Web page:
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Case Hardening

Case hardening is the carburising, hardening and tempering of components made of ferrous steel.

Case hardening is always used when a component with both a ductile centre and a hard surface is required.  To be able to achieve this requirement through heat treatment the surface layer of the material must have a carbon content of about 1 % with an internal carbon content of no more than 0.15 %

Case hardening is usually carried out at temperature between 880 to 980 °C.

The surface of the component is enriched with carbon through diffusion.  The usual range of case depths lies between 0.1 und 2.5 mm.

Following the carburising the carburised components are hardened and tempered.  Tempering is necessary to alleviate any stresses that have developed and to achieve the requisite final strength.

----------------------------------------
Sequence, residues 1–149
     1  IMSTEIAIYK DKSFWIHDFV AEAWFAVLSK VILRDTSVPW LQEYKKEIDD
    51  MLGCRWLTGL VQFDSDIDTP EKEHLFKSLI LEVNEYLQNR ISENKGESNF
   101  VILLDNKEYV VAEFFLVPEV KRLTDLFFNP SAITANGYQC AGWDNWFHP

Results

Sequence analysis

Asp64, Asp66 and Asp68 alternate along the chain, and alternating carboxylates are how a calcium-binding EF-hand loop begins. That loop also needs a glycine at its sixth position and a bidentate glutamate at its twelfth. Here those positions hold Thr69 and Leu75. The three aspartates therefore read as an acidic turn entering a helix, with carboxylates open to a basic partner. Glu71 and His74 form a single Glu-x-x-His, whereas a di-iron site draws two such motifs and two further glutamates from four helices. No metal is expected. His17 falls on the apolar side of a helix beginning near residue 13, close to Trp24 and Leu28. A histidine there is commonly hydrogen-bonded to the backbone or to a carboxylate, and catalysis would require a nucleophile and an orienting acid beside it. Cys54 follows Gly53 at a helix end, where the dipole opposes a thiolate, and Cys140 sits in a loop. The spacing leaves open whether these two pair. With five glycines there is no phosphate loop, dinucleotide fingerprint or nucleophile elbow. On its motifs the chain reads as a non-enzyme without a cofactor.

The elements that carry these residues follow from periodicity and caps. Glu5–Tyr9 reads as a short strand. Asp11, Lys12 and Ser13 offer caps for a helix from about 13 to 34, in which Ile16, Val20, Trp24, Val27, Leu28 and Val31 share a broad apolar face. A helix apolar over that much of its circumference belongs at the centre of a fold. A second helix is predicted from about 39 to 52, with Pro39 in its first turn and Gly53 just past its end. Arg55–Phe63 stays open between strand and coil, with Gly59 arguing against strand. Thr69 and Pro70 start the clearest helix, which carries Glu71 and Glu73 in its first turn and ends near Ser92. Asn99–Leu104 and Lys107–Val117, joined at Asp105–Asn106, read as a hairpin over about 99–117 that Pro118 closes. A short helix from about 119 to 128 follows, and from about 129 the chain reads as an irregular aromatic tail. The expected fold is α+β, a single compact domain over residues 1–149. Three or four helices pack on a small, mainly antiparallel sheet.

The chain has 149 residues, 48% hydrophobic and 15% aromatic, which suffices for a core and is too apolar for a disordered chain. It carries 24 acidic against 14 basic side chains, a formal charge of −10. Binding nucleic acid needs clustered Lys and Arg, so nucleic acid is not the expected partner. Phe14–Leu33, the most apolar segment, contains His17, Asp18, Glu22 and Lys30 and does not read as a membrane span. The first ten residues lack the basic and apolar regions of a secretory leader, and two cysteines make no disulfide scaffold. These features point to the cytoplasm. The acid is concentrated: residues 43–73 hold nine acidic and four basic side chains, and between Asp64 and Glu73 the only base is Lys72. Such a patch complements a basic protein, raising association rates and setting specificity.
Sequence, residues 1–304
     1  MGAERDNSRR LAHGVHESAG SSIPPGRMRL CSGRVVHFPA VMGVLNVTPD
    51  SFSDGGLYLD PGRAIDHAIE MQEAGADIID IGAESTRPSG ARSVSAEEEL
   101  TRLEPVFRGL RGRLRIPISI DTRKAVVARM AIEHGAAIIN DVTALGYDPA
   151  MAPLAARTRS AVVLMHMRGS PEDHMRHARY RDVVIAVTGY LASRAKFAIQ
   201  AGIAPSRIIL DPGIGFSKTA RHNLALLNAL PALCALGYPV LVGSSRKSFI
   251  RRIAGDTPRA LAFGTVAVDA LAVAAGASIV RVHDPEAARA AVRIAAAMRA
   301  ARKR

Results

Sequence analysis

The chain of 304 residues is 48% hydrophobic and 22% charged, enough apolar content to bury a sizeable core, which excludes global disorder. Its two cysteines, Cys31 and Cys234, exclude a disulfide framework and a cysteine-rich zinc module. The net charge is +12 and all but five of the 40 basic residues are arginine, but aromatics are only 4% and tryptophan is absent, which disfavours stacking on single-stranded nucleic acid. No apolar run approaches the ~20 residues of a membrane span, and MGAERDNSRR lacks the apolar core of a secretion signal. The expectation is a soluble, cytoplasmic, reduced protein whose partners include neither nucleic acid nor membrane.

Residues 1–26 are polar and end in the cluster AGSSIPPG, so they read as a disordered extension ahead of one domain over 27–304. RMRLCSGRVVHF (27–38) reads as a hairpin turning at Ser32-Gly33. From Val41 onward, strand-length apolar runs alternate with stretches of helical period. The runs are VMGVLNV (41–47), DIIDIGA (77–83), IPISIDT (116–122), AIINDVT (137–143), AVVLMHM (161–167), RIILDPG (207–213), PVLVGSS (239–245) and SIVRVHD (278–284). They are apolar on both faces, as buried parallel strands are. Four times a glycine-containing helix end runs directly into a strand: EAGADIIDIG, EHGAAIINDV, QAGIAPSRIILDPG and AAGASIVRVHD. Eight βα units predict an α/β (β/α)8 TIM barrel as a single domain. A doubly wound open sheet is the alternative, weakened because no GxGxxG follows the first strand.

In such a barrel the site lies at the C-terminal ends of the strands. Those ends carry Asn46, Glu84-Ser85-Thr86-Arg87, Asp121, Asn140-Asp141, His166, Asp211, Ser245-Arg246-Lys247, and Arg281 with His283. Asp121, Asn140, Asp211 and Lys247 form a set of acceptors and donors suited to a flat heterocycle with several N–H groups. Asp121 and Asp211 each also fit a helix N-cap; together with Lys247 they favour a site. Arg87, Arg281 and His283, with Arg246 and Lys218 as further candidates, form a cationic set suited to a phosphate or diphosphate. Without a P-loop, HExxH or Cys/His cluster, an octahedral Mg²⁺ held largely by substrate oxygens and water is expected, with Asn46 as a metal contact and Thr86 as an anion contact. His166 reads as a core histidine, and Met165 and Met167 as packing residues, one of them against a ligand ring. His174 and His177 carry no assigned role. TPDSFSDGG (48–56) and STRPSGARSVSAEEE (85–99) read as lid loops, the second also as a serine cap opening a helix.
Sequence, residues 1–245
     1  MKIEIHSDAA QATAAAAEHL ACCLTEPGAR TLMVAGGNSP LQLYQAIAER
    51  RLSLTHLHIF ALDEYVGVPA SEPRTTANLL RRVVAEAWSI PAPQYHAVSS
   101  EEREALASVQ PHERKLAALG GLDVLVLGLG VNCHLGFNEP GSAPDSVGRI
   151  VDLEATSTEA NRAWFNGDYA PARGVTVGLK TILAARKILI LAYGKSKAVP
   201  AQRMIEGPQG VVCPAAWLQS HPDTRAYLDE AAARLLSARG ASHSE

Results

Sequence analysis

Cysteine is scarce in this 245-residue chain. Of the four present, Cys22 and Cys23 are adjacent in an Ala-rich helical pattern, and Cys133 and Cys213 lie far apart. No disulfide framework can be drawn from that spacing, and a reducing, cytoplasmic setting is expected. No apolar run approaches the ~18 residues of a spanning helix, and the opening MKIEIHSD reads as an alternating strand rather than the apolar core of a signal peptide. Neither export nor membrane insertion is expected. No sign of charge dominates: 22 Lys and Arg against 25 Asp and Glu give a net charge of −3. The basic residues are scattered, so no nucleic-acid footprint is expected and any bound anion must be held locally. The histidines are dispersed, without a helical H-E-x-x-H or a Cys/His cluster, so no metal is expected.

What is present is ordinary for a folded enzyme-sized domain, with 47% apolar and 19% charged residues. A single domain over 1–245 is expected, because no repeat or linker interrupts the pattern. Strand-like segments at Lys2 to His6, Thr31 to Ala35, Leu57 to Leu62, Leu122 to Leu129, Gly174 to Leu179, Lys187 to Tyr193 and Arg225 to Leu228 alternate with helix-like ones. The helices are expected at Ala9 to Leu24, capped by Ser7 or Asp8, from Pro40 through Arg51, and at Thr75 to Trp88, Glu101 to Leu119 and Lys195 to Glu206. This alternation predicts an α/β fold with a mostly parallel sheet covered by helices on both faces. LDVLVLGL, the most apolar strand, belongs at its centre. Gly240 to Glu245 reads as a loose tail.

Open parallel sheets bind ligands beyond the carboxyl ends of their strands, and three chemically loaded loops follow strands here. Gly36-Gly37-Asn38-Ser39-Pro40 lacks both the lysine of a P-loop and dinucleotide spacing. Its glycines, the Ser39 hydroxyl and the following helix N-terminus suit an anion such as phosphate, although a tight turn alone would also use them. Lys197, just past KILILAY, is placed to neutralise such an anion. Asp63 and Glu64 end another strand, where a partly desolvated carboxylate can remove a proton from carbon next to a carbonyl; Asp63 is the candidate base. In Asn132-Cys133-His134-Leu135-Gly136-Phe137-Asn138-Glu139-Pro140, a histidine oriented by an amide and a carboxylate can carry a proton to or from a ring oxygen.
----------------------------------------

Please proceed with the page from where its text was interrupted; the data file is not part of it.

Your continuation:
Hardening and tempering confer a high surface hardness and strength on the component.  The core, however, remains in a ductile, annealed condition

Case hardening is carried out in a gas flow or a salt-bath.  A salt-bath enables partial hardening without prior isolation of specific areas of the component.

 

Suitable Materials

Case hardened steels and construction steels with relatively low carbon content.

 

Advantages of Case hardening

  • Improved mechanical properties
  • Increased abrasion resistance through hard surface layer
  • High resilience
  • Ductile core increases flexuring strength
  • Preferential process for gear components
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